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Friday, 15 June 1984
Page: 3203

Senator CHANEY (Leader of the Opposition)(9.08) —I do not wish to make any lengthy remarks with respect to Division 1 but it throws up a number of the difficulties which have been referred to both in the Committee debate and in the second reading debate. In clause 9 the Minister has the emergency power to act unilaterally once he receives an application to protect an area for 30 days. The only comment I make is that it seems to me that the Minister will come under the most unbearable political pressure in circumstances when getting the facts may well take 30 days and that may be the reason for this clause. But it will pose real difficulties for the Government and the Minister and I utter a caution which I hope will not be borne out in the actual operation of the clause but which I fear will be.

Clause 10 deals with other declarations. I welcome the fact that sub-clause (4) of clause 10 specifies some of the matters in the report which the Minister is to receive but those specifics in no way get over the difficulties of the breadth of definition which was discussed at some length earlier. It does seem to me that both those giving the report and the Minister receiving the report are going to have very real difficulty in knowing just how far the Act is meant to go and just how broad the protection is meant to be.

There has been a series of public comments-I think it would be unfair to those who have taken the trouble to examine this legislation in the time available not to mention them-about the fact that the person referred to in clause 10 is not a person of any particular status, qualifications or anything else. I must say that the mind boggles at some of the possibilities of the persons who might be appointed. For example, if we commissioned a report from Lang Hancock we would get a very different report from one we commissioned from Charles Perkins. The range of possibilities is endless and, I suggest, the range of results is endless. I think that is a significant difficulty in the administration of this legislation. It may well be the intention of the Government to appoint persons of a certain ilk, but that is a matter which is as wide as the Minister's mind on the matter. Let us take an example which might appeal more to honourable senators opposite: On the return of a Liberal-National Party Government, they might argue that a Liberal or a National Party Minister might appoint someone who is not at all sympathetic to the question and whose report would be very important in terms of the way this section is meant to operate. I simply draw attention to the fact that within these sections, which are the operative sections, one imports all of the difficulties and doubts that we have talked about with respect to the definitions. But even in themselves they contain notable omissions if one is concerned with certainty of operation and consistency of purpose in the actual administration of this legislation.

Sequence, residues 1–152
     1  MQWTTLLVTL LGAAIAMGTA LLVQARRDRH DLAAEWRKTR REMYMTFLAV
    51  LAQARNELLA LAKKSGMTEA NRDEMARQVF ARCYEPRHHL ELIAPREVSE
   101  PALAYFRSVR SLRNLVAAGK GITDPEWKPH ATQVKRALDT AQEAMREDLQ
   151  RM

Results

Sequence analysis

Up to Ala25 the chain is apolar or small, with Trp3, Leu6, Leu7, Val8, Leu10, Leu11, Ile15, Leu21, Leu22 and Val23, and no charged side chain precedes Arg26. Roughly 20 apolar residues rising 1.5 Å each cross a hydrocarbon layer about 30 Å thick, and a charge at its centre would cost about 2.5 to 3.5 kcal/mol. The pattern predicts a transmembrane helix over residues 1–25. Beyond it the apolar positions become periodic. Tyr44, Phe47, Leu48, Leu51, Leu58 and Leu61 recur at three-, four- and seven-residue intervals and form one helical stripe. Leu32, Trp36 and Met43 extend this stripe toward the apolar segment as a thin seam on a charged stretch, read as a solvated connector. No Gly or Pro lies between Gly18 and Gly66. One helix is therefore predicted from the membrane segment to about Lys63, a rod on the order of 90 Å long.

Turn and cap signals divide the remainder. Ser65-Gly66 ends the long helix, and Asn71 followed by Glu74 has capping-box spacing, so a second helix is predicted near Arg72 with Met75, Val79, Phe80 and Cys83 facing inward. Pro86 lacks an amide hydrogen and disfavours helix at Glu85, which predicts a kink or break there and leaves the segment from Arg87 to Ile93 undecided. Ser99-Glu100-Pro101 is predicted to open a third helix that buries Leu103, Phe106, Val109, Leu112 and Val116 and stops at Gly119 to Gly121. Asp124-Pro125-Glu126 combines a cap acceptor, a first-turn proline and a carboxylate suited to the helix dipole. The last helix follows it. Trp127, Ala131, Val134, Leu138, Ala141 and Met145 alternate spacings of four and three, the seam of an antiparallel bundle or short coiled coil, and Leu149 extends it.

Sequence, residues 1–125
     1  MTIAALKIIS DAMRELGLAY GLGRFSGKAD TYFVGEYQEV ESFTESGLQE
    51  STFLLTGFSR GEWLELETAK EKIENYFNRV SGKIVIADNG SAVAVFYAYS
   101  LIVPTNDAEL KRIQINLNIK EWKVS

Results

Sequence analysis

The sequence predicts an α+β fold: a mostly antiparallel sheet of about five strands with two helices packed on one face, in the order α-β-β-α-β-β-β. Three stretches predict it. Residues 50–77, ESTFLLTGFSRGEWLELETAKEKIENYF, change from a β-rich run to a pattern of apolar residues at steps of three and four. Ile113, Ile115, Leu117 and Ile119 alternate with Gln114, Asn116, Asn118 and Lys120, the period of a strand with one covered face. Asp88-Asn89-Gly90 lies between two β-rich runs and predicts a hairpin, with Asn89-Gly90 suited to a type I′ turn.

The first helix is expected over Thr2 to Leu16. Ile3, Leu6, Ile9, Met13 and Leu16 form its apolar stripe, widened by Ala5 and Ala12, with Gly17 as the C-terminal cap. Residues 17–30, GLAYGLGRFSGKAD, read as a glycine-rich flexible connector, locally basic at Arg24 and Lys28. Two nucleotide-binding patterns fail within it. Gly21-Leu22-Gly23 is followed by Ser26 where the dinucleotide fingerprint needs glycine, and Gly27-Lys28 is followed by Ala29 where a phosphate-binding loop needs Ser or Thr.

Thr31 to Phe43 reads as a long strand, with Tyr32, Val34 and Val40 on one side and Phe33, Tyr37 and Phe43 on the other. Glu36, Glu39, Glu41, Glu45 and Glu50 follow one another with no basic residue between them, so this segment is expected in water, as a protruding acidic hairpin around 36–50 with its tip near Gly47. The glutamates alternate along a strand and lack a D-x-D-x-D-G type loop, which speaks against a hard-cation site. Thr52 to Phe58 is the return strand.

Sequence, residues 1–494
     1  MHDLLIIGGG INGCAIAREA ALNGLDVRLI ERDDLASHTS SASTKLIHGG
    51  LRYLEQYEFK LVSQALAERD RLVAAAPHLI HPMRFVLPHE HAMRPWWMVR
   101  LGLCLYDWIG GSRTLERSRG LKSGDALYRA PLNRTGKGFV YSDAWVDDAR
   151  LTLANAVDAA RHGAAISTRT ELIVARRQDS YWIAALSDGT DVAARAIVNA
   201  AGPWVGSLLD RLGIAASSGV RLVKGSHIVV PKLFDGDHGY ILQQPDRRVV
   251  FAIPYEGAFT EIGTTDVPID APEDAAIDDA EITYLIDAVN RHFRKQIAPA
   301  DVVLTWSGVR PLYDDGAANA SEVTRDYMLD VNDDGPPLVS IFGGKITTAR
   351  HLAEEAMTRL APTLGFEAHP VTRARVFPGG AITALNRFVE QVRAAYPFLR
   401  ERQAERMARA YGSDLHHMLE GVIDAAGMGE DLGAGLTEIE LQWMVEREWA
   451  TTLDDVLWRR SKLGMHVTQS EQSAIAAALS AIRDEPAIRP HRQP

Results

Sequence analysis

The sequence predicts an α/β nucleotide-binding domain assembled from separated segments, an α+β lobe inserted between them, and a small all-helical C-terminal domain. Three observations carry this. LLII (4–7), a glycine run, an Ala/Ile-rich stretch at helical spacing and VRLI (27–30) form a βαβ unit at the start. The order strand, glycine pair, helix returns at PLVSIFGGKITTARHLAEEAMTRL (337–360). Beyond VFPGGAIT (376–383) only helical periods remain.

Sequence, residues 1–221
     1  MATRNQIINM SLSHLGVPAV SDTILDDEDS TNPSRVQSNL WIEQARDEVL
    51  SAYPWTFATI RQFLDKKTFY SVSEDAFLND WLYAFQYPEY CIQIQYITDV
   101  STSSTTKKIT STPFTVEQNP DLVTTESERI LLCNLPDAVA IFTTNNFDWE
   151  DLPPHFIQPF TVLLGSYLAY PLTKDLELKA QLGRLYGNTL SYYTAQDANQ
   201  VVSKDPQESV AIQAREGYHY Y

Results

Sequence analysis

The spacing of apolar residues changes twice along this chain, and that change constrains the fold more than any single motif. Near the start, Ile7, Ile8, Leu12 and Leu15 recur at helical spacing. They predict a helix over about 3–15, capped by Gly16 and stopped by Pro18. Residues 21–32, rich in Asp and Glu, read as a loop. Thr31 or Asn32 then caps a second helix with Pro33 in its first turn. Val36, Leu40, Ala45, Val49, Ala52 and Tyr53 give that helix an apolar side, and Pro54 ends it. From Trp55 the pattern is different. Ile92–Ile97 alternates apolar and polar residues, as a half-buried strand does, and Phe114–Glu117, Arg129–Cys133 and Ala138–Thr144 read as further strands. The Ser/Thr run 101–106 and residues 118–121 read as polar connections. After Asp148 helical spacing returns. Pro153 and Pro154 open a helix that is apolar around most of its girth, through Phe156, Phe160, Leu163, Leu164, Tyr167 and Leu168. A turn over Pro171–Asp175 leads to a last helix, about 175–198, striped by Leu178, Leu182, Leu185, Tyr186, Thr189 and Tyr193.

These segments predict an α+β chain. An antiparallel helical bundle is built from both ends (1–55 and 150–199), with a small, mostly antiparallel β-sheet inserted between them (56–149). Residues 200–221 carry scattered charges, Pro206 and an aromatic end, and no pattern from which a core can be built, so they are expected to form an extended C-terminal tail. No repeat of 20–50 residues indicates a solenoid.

The other point I wish to make concerns clause 15, which provides that declarations shall be reviewable by Parliament. Again I do not wish to labour the points which I made in the second reading debate. I only say that, having had some connection with vexed and difficult issues about the extent of protection that ought to be provided in particular circumstances, the degree of significance that ought to be ascribed to particular sites and so on, I dread the thought of this chamber being called upon to make judgments. We have a bit of interest in taking part in the Chamberlain case, a most significant matter. My real concern is about the ability of the legislature to get overly involved in matters which are essentially either administrative or judicial and which really do not lend themselves to parliamentary consideration.

The Minister might get up and say: 'You set the precedent in some areas of the Lands Rights Act whereby Parliament had certain powers'. I suggest that the multiplicity of circumstances and the nature of the matters dealt with here really make this a very doubtful proposition. I have no pleasure at all in contemplating how we would set about dealing with a contested situation in this area at a parliamentary level. I think it is simply another example of something which is beyond amendment by this Committee. It is another example of how the fundamental structure of this legislation needs reconsideration and careful consideration in conjunction with Aboriginal groups. I know that a group of Aboriginals worked on this legislation but there are many groups which have had no say in it. There are many interested groups, including State governments, which have had no say in it. I think there is potential here for very great difficulty in the operation of these sections.

I contrast the preparation of this Bill with the approach adopted by the previous Government with respect to the Aboriginal Development Corporation, whereby a draft Bill was put on the table and a group of people trekked around Australia, endlessly consulting Aboriginal groups. We made a very substantial number of amendments because of the views which were expressed by the National Aboriginal Conference at both the Federal and State level, by individual Aboriginal groups and so on. I simply say again at this very late stage that surely that would have been a far more positive and sensible way to approach this legislation than the breakneck way in which the Minister has approached it. Quite frankly, I do not think this is an area in which getting runs on the board ought to be the criterion. I think the criterion ought to be getting it right.